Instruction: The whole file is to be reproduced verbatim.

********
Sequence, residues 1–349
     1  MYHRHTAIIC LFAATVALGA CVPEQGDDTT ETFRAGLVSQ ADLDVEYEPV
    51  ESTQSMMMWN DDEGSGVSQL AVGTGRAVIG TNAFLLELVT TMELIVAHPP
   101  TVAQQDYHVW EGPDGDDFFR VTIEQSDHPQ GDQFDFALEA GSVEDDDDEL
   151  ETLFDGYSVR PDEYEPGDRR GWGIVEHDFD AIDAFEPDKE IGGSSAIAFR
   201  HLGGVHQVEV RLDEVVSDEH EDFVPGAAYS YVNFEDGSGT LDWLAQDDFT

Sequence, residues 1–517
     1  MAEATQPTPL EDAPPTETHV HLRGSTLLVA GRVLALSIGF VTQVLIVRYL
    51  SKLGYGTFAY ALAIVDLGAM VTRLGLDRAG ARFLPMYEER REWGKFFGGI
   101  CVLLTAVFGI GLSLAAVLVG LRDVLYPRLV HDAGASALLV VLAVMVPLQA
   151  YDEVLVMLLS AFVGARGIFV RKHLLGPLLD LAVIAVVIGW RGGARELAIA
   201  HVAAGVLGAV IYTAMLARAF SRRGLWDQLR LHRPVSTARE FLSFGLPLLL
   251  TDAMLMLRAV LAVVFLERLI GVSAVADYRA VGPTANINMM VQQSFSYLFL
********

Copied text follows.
Sequence, residues 1–349
     1  MYHRHTAIIC LFAATVALGA CVPEQGDDTT ETFRAGLVSQ ADLDVEYEPV
    51  ESTQSMMMWN DDEGSGVSQL AVGTGRAVIG TNAFLLELVT TMELIVAHPP
   101  TVAQQDYHVW EGPDGDDFFR VTIEQSDHPQ GDQFDFALEA GSVEDDDDEL
   151  ETLFDGYSVR PDEYEPGDRR GWGIVEHDFD AIDAFEPDKE IGGSSAIAFR
   201  HLGGVHQVEV RLDEVVSDEH EDFVPGAAYS YVNFEDGSGT LDWLAQDDFT

Sequence, residues 1–517
     1  MAEATQPTPL EDAPPTETHV HLRGSTLLVA GRVLALSIGF VTQVLIVRYL
    51  SKLGYGTFAY ALAIVDLGAM VTRLGLDRAG ARFLPMYEER REWGKFFGGI
   101  CVLLTAVFGI GLSLAAVLVG LRDVLYPRLV HDAGASALLV VLAVMVPLQA
   151  YDEVLVMLLS AFVGARGIFV RKHLLGPLLD LAVIAVVIGW RGGARELAIA
   201  HVAAGVLGAV IYTAMLARAF SRRGLWDQLR LHRPVSTARE FLSFGLPLLL
   251  TDAMLMLRAV LAVVFLERLI GVSAVADYRA VGPTANINMM VQQSFSYLFL